Monday, July 21, 2008

Fiction depiction 2

This won't surprise you, but I have pretty turbulent relationship with writing. When I'm in a dry spell I feel like a spurned lover (even though it's my own fault for not sitting down and just writing) and when I'm in a time of abundance it's as though I can't stop. I'm forever seeking that happy medium, the place where I write some every day but don't always end up drunk or destitute. 

I wrote this a long time ago, trying to understand my own relationship with writing. She isn't me, but she could be. This is somewhat unfinished, perhaps, but I still like it.


Tsunami Words

The words, when they came were like a tsunami. They swept her away and she had no choice but to be drowned. It was as though language became a force of nature and she wrote with a ferocity that could be measured in storm force. Everything else was inconsequential in front of their power. Answering the phone, the needs of loved ones were nothing to be noted. The demands of the body – eating, excreting, sleeping – were deep inconveniences, the pitiful cries of those who couldn’t swim in the waves. And she wrote in torrents, loving each word as it poured out of her.

As she wrote she muttered, paced, laughed, as though her body itself became the storm, wrenched back and forth, a lifeboat in the storm and she was eager to be drowned. As each wave rose and relented she found herself surrounded with more wreckage – unwashed dishes, ignored children, frustrated friends, but none of that mattered, because the words were there and she felt free. It was as though she was the white cap atop each great wave and she could see forever.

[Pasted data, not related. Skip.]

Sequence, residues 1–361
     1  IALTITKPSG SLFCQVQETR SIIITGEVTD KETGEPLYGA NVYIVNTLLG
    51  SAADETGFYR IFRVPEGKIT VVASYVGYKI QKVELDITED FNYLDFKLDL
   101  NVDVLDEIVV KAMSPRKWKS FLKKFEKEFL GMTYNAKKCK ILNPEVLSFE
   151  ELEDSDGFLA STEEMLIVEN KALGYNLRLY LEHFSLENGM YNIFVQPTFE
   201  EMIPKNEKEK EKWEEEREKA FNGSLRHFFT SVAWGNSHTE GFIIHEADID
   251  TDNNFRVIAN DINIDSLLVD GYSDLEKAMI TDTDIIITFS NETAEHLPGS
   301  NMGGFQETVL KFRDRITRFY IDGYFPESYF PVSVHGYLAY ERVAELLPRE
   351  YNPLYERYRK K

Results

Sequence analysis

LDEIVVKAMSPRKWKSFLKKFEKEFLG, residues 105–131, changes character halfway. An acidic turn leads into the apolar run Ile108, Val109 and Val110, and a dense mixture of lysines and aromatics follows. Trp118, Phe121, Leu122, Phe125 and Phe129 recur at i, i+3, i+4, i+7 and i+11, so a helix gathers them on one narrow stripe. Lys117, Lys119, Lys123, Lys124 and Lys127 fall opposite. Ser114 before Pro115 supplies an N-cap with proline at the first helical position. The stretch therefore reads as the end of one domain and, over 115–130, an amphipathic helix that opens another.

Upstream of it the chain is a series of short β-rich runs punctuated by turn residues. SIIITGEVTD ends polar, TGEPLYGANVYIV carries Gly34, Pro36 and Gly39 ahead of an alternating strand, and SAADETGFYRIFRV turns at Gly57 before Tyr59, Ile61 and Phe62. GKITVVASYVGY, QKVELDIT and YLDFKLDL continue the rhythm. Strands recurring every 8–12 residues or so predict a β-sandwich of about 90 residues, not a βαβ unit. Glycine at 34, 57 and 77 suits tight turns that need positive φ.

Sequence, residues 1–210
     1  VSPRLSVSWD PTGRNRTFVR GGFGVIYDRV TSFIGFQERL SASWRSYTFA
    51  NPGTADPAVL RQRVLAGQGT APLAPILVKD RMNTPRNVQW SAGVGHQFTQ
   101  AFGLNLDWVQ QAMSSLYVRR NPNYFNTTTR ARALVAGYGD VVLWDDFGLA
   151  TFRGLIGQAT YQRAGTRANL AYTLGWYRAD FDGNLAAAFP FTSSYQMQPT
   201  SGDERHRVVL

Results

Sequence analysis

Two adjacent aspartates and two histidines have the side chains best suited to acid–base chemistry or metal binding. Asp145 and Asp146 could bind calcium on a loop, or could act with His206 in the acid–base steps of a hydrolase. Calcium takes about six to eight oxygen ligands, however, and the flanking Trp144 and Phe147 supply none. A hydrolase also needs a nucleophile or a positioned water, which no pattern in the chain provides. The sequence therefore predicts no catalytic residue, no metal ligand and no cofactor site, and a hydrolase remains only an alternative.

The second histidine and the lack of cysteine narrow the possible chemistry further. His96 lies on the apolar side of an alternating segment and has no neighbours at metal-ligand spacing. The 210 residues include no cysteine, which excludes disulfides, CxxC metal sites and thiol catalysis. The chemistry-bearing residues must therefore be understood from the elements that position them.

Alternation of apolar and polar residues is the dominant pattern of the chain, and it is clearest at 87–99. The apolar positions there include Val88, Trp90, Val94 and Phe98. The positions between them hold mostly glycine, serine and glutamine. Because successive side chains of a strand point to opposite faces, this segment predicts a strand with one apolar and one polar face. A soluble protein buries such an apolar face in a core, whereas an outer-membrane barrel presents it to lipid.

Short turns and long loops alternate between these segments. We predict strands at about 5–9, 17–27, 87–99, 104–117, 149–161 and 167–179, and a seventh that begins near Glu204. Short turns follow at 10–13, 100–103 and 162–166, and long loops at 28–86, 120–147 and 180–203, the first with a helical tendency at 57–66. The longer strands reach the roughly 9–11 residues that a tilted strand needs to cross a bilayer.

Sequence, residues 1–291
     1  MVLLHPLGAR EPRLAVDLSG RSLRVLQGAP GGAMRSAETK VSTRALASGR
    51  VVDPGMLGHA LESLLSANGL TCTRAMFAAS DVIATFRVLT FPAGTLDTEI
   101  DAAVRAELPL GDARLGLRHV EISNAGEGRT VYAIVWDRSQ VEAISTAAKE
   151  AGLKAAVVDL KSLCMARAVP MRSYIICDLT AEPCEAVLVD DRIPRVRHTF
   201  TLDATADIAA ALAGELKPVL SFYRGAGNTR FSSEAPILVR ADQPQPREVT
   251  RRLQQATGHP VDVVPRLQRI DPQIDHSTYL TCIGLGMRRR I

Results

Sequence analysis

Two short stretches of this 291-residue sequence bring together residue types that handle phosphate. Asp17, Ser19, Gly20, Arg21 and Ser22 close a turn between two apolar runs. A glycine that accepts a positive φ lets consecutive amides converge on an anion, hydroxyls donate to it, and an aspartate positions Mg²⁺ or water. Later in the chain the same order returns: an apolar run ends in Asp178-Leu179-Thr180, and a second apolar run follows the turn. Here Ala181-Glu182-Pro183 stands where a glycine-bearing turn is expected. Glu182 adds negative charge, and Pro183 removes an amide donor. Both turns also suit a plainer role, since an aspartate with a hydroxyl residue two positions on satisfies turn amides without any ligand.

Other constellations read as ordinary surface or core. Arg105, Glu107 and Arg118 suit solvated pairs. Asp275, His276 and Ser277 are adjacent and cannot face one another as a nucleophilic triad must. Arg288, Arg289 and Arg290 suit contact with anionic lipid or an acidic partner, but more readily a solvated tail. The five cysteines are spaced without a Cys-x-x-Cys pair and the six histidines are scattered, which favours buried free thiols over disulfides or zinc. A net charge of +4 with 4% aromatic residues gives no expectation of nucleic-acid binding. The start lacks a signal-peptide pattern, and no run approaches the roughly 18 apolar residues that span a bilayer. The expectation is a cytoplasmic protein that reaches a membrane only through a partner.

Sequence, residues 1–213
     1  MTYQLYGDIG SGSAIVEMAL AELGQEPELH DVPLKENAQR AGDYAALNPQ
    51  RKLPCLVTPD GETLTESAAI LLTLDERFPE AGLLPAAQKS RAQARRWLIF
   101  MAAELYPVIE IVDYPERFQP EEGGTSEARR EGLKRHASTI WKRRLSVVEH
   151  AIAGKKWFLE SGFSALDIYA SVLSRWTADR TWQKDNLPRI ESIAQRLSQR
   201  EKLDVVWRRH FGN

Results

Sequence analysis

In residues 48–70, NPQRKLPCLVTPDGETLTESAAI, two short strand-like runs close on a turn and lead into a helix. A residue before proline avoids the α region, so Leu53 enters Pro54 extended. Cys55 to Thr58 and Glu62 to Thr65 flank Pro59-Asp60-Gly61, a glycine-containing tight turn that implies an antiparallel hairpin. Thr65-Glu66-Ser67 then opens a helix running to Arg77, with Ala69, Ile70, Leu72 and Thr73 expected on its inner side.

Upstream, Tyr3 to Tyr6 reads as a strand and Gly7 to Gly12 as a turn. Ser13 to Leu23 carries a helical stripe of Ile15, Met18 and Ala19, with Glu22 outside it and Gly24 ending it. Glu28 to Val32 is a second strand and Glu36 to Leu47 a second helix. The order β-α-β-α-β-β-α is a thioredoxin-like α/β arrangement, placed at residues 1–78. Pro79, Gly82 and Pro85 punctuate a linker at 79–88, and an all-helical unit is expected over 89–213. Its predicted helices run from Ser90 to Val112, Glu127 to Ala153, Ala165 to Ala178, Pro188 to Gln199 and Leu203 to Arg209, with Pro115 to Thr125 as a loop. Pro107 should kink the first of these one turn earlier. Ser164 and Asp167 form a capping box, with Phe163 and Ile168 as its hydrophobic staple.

But when it stopped suddenly she was left adrift on the desert ocean, surrounded by salt water she could not drink, fish she could not eat. When the words would not come she starved amidst riches. She longed for the tsunami to come again, even though she knew it brought devastation.

She tried to trick the words into coming, tried to lure them closer. She would read good writing, as though trying to convince her own words to come back. “See? You would have friends, just come back.” When that didn’t work she’d put out lures, scraps of unfinished writing, as though language might become frustrated with the possibilities and sneak in, finishing the unwritten poems by itself. And as a last resort, when all else failed, she would pretend she didn’t care, would watch television and ignore the voices inside that told her she could do better.

She would wash the dishes, pick up the wreckage left by the waves, and all the while plan for their return.

Books were her altars, the more there were the greater the likelihood the words would return. She knew there was a chance she’d become a madwoman, the kind who’s home was full of items with ritualistic meaning lost when she died, but this was a risk she could take on the chance the words would come back.

Each word had it’s own particular nature, and in combination they had their own power, personality and needs. They needed to be wooed carefully. Some were brash and relentless, would haunt her dreams like old boyfriends who still showed up unwanted, while others were elusive and shy, wild things that ran at the slightest crack of a branch. She longed for them all when the storms were gone and wished they would at least send a postcard.

(c) 2008 Laura S. Packer
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True Stories, Honest Lies by Laura S. Packer is licensed under a Creative Commons Attribution-Noncommercial-No Derivative Works 3.0 United States License.
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